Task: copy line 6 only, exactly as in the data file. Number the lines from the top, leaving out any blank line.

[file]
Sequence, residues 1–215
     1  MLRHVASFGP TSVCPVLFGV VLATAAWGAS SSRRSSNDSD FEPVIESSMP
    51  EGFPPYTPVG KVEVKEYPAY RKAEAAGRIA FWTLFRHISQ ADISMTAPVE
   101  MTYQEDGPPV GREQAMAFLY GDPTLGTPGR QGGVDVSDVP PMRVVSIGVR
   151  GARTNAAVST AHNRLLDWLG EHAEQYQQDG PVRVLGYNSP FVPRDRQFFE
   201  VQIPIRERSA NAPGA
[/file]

   201  VQIPIRERSA NAPGA